Stéphany Orain-Pelissolo calls however to spare as much as possible of the little ones “Decompression chamber”. A simple weekend in a small committee, in compliance with health rules, allows you to recreate social ties and share your emotions. “And even if it’s to say that we are all fed up, it shows us that we are not alone in this mishap”, smiles the therapist. Not to mention that the end of travel restrictions and the imminent reopening of terraces and cultural places will make it possible to expand the “Take-back strategies”, souligne Abdel Halim Boudoukha.

In general, we must try “To keep habits and little routines”, complete Charlotte Jacquemot, for “Move forward in a reassuring environment and reduce anxiety”. Even when working from home, there is no question of answering professional emails at 11 p.m., explains the neuropsychology researcher. “It’s a difficult rule to stick to over time, but it’s important not to create a mix of genres” between work and private life.

4Learn to better understand

Information is a key factor in taming stress, also believes Charlotte Jacquemot, member of the scientific collective Adios Corona, at the origin of an information platform for the general public on the advancement of knowledge about the virus.

WHO also advises governments to demonstrate clarity and transparency in decision-making and communication, by setting measurable objectives to introduce a predictable dimension despite uncertainty.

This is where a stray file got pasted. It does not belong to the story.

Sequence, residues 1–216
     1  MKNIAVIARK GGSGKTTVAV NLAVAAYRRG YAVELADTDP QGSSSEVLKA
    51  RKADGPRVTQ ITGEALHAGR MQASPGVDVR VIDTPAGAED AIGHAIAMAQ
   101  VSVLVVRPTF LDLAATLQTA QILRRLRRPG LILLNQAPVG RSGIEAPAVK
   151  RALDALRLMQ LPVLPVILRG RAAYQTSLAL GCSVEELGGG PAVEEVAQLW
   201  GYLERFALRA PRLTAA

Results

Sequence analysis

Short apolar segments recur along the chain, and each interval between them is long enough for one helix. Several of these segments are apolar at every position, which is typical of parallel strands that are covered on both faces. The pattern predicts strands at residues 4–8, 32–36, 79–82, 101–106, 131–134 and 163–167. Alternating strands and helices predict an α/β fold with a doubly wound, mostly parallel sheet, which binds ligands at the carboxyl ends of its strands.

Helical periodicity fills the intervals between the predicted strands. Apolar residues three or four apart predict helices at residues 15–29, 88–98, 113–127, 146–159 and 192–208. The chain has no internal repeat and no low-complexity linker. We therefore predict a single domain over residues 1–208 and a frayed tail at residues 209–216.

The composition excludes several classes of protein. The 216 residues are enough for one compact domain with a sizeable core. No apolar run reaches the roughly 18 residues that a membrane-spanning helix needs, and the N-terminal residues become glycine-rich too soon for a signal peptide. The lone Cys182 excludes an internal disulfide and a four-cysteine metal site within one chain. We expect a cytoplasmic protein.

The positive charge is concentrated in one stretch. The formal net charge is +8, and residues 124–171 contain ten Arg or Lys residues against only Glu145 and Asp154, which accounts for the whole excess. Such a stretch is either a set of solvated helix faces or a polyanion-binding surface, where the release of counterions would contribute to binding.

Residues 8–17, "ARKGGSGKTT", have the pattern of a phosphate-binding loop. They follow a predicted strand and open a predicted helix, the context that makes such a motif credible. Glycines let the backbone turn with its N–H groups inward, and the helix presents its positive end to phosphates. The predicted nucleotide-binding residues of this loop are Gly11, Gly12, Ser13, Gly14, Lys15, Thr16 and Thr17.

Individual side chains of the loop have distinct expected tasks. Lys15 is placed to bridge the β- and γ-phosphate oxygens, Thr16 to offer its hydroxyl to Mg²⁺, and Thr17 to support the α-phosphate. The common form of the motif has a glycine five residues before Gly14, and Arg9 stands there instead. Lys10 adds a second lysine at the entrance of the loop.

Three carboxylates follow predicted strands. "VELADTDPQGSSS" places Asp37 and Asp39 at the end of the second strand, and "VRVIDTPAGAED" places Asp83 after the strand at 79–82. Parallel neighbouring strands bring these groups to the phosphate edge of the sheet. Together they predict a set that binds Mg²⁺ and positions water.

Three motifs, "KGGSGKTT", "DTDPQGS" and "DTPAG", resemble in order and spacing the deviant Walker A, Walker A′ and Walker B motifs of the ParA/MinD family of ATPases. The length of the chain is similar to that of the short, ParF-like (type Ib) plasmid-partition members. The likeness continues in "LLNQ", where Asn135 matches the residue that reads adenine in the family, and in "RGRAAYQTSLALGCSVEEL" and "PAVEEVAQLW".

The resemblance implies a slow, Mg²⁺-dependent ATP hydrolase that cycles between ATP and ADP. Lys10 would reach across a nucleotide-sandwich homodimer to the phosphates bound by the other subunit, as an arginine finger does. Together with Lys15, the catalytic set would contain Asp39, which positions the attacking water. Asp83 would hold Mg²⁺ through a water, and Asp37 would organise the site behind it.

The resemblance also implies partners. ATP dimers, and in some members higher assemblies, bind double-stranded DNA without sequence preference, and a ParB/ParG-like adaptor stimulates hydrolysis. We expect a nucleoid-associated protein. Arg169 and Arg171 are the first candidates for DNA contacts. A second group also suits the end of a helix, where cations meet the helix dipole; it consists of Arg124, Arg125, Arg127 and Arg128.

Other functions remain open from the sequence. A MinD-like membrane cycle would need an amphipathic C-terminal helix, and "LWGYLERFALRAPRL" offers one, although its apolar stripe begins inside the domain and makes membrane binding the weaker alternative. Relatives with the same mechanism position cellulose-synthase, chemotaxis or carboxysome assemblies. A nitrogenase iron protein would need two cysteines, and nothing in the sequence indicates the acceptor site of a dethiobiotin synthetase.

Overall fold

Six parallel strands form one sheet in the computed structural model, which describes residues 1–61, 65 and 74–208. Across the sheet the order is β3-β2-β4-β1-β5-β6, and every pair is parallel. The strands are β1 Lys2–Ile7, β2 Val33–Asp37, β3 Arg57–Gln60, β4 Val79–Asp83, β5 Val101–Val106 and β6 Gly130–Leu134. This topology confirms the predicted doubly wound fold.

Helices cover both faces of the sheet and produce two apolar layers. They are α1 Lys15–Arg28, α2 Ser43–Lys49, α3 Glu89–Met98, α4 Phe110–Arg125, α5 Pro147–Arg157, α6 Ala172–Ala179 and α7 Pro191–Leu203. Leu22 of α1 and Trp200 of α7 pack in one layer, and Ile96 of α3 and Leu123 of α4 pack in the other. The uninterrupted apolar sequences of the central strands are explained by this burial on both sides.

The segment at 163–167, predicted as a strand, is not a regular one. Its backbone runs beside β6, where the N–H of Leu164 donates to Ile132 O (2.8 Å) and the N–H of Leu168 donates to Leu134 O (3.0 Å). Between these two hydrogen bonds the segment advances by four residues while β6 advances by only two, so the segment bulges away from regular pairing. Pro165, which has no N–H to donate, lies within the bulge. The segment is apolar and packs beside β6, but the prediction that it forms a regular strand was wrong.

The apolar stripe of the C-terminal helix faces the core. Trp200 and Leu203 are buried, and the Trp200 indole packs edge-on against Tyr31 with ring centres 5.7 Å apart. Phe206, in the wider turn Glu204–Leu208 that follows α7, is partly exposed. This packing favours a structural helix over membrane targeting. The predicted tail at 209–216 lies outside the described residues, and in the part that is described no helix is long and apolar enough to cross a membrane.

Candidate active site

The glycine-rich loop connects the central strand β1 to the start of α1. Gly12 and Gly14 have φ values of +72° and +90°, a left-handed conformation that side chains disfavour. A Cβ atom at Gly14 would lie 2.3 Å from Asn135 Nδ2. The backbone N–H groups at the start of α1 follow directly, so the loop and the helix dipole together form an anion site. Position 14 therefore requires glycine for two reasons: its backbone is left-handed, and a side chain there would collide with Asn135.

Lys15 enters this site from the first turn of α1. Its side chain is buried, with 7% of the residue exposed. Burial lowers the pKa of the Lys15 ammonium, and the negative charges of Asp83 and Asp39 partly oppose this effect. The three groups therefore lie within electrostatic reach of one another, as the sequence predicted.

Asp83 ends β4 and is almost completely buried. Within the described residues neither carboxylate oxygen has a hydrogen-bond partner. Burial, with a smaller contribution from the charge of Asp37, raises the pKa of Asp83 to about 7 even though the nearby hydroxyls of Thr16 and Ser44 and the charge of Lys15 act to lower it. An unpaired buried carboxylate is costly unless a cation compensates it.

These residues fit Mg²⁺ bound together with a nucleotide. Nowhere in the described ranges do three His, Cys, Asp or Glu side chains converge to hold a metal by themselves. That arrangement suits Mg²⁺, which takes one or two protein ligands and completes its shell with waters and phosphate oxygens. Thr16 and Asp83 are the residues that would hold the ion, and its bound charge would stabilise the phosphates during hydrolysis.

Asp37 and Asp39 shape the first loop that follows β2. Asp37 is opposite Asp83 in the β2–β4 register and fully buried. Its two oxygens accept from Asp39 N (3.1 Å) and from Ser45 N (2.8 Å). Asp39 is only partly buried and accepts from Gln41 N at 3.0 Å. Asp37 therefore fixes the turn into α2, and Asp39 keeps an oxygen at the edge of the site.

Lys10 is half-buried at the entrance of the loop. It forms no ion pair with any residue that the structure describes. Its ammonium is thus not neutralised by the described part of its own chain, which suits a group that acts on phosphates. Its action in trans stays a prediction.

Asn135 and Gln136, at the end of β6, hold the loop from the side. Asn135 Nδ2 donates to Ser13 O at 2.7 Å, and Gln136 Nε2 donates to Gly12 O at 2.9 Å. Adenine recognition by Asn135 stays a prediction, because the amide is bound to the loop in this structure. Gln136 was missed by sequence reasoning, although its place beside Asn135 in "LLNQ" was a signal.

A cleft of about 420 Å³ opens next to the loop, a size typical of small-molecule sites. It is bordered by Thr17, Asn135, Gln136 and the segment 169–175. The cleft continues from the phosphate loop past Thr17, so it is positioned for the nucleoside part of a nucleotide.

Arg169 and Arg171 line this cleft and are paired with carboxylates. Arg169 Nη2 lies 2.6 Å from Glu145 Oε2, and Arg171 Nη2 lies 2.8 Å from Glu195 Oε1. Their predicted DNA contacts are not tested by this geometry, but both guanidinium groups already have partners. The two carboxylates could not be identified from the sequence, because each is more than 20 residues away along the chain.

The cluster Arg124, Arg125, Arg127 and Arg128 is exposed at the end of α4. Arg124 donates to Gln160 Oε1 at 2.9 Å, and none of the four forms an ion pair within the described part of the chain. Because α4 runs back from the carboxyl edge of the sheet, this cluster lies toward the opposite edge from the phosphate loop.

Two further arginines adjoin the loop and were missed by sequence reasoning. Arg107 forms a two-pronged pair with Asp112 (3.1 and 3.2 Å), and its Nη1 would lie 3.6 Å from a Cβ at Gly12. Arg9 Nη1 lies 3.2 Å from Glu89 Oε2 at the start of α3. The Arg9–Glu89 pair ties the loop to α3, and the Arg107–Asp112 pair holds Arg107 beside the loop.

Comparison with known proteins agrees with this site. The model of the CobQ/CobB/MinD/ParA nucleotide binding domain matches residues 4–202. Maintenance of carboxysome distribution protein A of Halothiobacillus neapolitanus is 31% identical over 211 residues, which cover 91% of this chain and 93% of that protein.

Beware, however, not to either “Overdosing the level of information”, continues Charlotte Jacquemot. For the researcher, it is therefore necessary to avoid keeping her eyes riveted on continuous news channels. It’s important to be informed, but when it’s a loop it’s heavy ”, adds Stéphany Orain-Pelissolo. The psychologist encourages them to learn about the evolution of the health situation only once a week, for example by consulting a summary article after a government press conference to be aware of the new measures. The rest of the time, she recommends watching entertaining content like movies or concerts.

5Do not hesitate to consult a psychologist

At last, “To keep mentally”, the most important remains of “Do not feel guilty about feeling bad”, continues Charlotte Jacquemot, who calls for consultations if necessary. The earlier the treatment of a discomfort, the more effective it will be ”, advances the researcher in neuropsychology. A few sessions with a psychologist may be enough, adds Stéphany Orain-Pelissolo. The appearance of sleep disorders, changes in appetite or even a loss of desire and motivation are the first signs that may prompt you to make an appointment with a professional.

At first, it is possible to contact your doctor, who can if necessary refer the patient to a specialist, adds Abdel Halim Boudoukha. For her part, Charlotte Jacquemot calls for “Demonize mental health disorders”. “When you have the flu, you go to a doctor, when you feel anxious, you can go to a psychologist or a psychiatrist”, summarizes the researcher.